JOURNAL ARTICLE

Cerebral vascular accidents after lumbar spine fusion

Alejandro Marquez-Lara, Sreeharsha V Nandyala, Steven J Fineberg, Kern Singh
Spine 2014 April 15, 39 (8): 673-7
24384658

STUDY DESIGN: Retrospective cohort.

OBJECTIVE: To determine the impact of a cerebral vascular accident (CVA) after lumbar spinal fusion, a population-based database was analyzed to identify the incidence, potential risk factors, hospital resource utilization, and the early postoperative outcomes.

SUMMARY OF BACKGROUND DATA: A lumbar fusion (LF) is an effective surgical procedure to treat lumbar degenerative pathology. Although rare, a CVA can be a catastrophic event after an LF.

METHODS: The Nationwide Inpatient Sample database was queried from 2002-2011. Patients undergoing an elective anterior lumbar fusion, a posterior lumbar fusion, or a combined anterior-posterior lumbar fusion were separated into subcohorts. Patients with a documented postoperative CVA were identified. Patient demographics, comorbidities (Charlson Comorbidity Index), length of stay, costs, early postoperative outcomes, and mortality were assessed. Statistical analysis involved T tests, χ2 analysis, and binary logistic regression with P < 0.001 denoting significance.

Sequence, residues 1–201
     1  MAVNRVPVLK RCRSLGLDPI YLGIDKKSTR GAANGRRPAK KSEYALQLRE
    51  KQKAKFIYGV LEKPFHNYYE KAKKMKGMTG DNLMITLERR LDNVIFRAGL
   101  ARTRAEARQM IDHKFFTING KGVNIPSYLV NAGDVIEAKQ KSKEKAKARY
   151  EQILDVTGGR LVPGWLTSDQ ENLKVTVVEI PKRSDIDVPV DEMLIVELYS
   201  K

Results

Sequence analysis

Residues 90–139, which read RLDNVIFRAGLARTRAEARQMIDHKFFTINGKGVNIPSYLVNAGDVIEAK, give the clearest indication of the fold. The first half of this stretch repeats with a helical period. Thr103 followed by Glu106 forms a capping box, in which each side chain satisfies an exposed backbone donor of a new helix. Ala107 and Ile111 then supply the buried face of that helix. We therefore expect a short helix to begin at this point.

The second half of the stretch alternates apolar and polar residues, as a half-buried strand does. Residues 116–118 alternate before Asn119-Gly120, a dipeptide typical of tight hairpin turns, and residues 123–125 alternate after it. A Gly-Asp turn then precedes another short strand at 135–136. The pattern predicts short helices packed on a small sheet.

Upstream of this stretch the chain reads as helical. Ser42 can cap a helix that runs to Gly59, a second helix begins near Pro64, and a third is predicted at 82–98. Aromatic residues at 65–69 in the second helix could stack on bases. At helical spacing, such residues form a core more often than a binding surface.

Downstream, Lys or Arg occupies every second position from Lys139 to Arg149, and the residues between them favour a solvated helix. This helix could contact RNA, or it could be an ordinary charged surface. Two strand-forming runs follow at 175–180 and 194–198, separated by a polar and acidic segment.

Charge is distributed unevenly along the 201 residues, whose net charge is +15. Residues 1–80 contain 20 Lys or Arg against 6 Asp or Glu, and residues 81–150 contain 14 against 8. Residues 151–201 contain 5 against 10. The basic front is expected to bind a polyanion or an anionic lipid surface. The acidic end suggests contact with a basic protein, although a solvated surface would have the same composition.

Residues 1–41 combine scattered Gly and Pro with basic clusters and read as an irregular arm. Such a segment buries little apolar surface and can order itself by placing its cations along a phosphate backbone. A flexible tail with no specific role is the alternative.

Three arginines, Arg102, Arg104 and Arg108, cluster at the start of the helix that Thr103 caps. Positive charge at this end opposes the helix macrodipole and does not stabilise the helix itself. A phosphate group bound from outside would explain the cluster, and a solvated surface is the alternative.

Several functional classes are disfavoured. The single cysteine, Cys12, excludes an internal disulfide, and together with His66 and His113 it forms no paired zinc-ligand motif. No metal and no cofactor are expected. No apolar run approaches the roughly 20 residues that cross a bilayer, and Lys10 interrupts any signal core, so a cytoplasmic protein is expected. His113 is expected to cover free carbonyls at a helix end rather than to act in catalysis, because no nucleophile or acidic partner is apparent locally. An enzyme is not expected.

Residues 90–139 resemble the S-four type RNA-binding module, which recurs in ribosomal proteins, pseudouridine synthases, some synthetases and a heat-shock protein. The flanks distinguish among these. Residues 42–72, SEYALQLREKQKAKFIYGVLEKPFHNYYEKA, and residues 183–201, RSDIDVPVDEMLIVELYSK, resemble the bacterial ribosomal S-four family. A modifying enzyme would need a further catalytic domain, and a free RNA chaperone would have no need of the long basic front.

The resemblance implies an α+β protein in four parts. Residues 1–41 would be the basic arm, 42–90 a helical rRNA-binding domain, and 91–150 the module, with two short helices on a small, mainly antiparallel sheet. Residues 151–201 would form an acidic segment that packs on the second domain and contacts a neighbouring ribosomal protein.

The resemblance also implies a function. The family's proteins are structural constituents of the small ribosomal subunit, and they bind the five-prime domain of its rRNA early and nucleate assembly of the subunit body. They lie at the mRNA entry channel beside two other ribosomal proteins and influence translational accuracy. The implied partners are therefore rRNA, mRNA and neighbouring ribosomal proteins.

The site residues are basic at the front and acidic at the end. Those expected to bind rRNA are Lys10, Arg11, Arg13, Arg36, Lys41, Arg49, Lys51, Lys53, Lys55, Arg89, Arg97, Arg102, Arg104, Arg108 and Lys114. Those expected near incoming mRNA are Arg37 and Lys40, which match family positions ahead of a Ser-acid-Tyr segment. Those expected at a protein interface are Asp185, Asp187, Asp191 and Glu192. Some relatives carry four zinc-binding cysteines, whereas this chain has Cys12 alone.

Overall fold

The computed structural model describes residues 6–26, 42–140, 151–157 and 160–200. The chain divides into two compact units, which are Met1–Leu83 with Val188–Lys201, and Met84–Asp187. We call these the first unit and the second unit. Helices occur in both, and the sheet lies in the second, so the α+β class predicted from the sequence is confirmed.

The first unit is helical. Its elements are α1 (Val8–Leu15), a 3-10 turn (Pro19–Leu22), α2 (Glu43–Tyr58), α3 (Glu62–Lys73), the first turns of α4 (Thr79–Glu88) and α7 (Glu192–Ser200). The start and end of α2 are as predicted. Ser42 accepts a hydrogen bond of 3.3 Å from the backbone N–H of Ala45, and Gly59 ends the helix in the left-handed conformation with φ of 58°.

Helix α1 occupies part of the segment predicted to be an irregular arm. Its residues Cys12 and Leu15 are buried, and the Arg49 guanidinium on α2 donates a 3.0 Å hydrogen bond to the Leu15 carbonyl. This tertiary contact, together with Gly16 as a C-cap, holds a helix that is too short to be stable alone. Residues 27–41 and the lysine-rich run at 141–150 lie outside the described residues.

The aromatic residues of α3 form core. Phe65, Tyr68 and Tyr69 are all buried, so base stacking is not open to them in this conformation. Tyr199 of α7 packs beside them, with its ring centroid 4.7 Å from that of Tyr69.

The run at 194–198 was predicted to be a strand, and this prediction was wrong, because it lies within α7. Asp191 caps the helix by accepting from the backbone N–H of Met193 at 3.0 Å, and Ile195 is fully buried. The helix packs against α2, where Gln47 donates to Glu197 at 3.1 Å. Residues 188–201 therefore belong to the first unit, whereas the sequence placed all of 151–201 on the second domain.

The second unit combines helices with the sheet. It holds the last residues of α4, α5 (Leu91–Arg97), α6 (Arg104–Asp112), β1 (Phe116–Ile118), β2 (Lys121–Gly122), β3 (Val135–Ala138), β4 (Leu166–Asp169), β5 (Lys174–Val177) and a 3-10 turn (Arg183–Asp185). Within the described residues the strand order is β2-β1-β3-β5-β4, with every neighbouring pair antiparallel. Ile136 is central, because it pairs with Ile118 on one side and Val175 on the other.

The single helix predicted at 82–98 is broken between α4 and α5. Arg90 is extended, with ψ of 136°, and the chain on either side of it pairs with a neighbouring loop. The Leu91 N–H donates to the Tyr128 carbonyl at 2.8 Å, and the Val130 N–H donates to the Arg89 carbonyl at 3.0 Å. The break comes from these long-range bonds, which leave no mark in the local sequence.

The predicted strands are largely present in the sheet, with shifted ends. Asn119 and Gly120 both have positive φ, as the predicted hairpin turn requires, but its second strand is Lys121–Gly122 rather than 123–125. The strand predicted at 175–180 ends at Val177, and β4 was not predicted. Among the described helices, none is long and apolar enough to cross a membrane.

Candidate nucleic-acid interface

RESULTS: A total of 264,891 LFs were identified between 2002 and 2011 of which 340 (1.3 per 1000) developed a postoperative CVA. Patients with a CVA were significantly older and demonstrated a greater comorbidity burden (Charlson Comorbidity Index). Patients with a CVA incurred a significantly greater length of stay, total hospital costs ($41,454 vs. $25,885), and a greater mortality rate (73.7 vs. 0.8 per 1000 patients). Regression analysis demonstrated that age more than 65 years and a history of neurological disorders, paralysis, congestive heart failure, or electrolyte imbalance were associated with an increased risk of a postoperative CVA.

CONCLUSION: Patients who developed a postoperative CVA demonstrated a significantly greater incidence of postoperative complications, mortality, and total hospital costs. This study highlights important associated risk factors (e.g., age more than 65, neurological disorders, congestive heart failure) that may enable surgeons to identify high-risk patients prior to surgery. Further studies are warranted to characterize these risk factors and to establish guidelines to mitigate the complications associated with a postoperative CVA.

LEVEL OF EVIDENCE: 4.

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